by: Lisa Baade
Baby Sign Language is a communication method designed to be used with hearing babies and toddlers before they can speak. It is a simplified version of sign language designed to be easy enough for baby’s to use from 6 months of age. The baby signs are often borrowed or modified from traditional sign language. These baby signs are based on gestures that symbolize the action or meaning of a word and are designed so that they can be understood even if you don’t know any sign language at all. Baby Sign Language can be taught from birth although most children have the necessary hand eye co-ordination to begin signing back to their parents and caregivers by the age of 6 months. As most babies don’t begin talking until they are between 9 – 12 months of age, Baby Sign Language gives the child a significant head start on two way communication. This milestone may seem to be a small advantage to begin with however research has shown that this small advantage flows through to have larger developmental impact later on in life.
NIH Funded Baby Sign Language Experimental Studies
Baby Sign Language is not a new concept, although it still receives much media attention around the world. The first Baby Sign Language studies were conducted as early as 1989. One of the most highly regarded and a frequently referenced experimental study is a National Institute of Health (NIH) funded study conducted by Drs Linda Acredolo and Susan Goodwyn. This study was designed to determine the benefits of Baby Sign Language. The aim was to determine if Baby Sign Language would delay speech development in children. The children recruited into the study were assigned into two groups; the first group consisted of children that used Baby Sign Language and the second group consisted of children that did not. The children were recruited for the study at eleven months of age. Their speech and language development was followed up until they reached three years of age.
The study regularly assessed the speech and language development of the children. Language assessments were designed to measure language comprehension and language production. These assessments were conducted at assigned intervals during the study and measured the children’s ability to put words into sentences. The child’s intellectual development was also measured at 24 months.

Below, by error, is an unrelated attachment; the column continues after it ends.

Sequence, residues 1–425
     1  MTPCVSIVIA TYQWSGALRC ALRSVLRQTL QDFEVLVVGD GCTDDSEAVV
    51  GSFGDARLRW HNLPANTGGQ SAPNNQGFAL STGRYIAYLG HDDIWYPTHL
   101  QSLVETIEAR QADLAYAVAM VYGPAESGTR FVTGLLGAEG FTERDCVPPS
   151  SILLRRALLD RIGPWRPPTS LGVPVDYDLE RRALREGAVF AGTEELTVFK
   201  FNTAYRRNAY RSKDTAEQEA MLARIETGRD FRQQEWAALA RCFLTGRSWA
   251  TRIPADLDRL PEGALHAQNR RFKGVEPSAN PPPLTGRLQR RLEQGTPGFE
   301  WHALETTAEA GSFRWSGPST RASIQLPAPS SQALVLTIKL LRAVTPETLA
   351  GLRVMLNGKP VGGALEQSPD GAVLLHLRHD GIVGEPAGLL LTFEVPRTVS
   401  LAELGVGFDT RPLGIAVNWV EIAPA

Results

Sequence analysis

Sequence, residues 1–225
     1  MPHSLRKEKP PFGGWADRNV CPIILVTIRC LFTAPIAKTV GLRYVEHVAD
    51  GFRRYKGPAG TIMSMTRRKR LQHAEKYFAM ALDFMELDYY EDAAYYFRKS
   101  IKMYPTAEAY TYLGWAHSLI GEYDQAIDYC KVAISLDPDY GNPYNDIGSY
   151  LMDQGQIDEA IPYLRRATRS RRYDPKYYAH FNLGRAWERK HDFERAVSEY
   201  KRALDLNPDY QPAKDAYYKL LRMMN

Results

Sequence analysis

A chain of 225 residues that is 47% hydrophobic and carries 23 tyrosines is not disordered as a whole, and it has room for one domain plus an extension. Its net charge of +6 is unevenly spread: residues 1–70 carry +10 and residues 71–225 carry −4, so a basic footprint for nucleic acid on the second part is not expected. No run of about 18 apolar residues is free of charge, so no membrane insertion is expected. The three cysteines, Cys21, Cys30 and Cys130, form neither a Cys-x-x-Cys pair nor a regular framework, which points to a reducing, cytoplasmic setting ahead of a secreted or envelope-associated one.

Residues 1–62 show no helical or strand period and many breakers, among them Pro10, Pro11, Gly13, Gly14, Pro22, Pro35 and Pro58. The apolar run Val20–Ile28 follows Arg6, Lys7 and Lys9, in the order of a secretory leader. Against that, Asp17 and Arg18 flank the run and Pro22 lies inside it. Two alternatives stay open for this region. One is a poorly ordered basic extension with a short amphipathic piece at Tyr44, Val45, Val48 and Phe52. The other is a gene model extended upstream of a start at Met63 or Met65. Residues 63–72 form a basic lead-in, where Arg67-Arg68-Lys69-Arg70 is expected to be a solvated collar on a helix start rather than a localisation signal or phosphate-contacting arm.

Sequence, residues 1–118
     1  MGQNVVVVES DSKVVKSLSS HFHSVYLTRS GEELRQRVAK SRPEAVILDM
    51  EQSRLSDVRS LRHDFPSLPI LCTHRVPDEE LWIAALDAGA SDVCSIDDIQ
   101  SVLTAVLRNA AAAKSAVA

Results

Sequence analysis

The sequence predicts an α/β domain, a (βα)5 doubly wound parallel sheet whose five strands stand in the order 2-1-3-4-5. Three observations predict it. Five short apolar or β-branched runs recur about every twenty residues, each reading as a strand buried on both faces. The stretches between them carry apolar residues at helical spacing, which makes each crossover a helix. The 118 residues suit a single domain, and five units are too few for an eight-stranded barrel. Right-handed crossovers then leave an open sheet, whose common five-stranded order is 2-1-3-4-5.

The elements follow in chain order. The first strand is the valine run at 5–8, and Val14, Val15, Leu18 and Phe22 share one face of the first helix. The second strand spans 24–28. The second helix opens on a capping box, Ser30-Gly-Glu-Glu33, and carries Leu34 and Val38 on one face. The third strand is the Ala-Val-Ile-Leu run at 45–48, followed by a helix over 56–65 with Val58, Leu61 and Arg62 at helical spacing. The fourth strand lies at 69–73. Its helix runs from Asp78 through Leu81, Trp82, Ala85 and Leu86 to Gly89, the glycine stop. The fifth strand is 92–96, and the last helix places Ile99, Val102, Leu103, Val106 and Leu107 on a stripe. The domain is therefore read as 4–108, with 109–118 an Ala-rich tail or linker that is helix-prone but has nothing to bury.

The average scores of children in the study that were in the group that used Baby Sign Language were found to be higher than the control group who did not. By the age of twenty-four months, the signing children had a developmental advantage of three months over the non-signing children. By the time these signing children reached the age of thirty-six months, this advantage had increased dramatically from a three month developmental advantage to an equivalent twelve month advantage in their overall language skills and comprehension.
Since this research was conducted in 1989 there have been many families that use Baby Sign Language in their home. To date there hasn’t been a single study that has shown there to be any disadvantages from using Baby Sign Language. Many childcare centers are also using Baby Sign Language as part of a dedicated program.
Some parents may be concerned if they use Baby Sign Language with their children that it may delay their speech development. The results of the NIH funded study demonstrate quite clearly that this is not the case. Baby Sign Language facilitates communication between baby and parent earlier in life and is thought by some to be an essential step in the learning process. Baby Sign Language aids in the comprehension of words through actions that they understand. By providing a communication method to the baby earlier in life they understand the benefit of communication as they are rewarded with some control over their environment and their needs. This only leads on to a thirst for a more complicated language which is thought to be the reason that baby’s who sign with their parents speak earlier than those who do not.
For a great home program to teach your baby sign language, click here.